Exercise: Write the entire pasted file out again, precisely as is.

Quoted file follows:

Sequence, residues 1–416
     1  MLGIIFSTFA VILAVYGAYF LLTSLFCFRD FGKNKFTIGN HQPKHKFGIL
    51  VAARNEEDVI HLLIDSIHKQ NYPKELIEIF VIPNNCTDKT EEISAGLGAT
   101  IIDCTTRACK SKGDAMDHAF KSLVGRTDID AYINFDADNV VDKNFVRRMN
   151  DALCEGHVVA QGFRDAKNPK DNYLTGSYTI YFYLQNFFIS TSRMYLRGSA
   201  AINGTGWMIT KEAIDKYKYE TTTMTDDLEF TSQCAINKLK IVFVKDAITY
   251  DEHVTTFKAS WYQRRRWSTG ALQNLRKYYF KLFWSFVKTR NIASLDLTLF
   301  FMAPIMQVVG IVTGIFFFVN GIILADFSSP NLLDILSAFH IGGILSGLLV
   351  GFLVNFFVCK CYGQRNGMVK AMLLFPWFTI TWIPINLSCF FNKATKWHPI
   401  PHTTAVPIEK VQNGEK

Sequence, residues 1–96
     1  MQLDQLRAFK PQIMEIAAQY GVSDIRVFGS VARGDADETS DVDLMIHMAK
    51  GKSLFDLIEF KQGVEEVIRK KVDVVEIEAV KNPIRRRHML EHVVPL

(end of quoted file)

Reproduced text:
Sequence, residues 1–416
     1  MLGIIFSTFA VILAVYGAYF LLTSLFCFRD FGKNKFTIGN HQPKHKFGIL
    51  VAARNEEDVI HLLIDSIHKQ NYPKELIEIF VIPNNCTDKT EEISAGLGAT
   101  IIDCTTRACK SKGDAMDHAF KSLVGRTDID AYINFDADNV VDKNFVRRMN
   151  DALCEGHVVA QGFRDAKNPK DNYLTGSYTI YFYLQNFFIS TSRMYLRGSA
   201  AINGTGWMIT KEAIDKYKYE TTTMTDDLEF TSQCAINKLK IVFVKDAITY
   251  DEHVTTFKAS WYQRRRWSTG ALQNLRKYYF KLFWSFVKTR NIASLDLTLF
   301  FMAPIMQVVG IVTGIFFFVN GIILADFSSP NLLDILSAFH IGGILSGLLV
   351  GFLVNFFVCK CYGQRNGMVK AMLLFPWFTI TWIPINLSCF FNKATKWHPI
   401  PHTTAVPIEK VQNGEK

Sequence, residues 1–96
     1  MQLDQLRAFK PQIMEIAAQY GVSDIRVFGS VARGDADETS DVDLMIHMAK
    51  GKSLFDLIEF KQGVEEVIRK KVDVVEIEAV KNPIRRRHML EHVVPL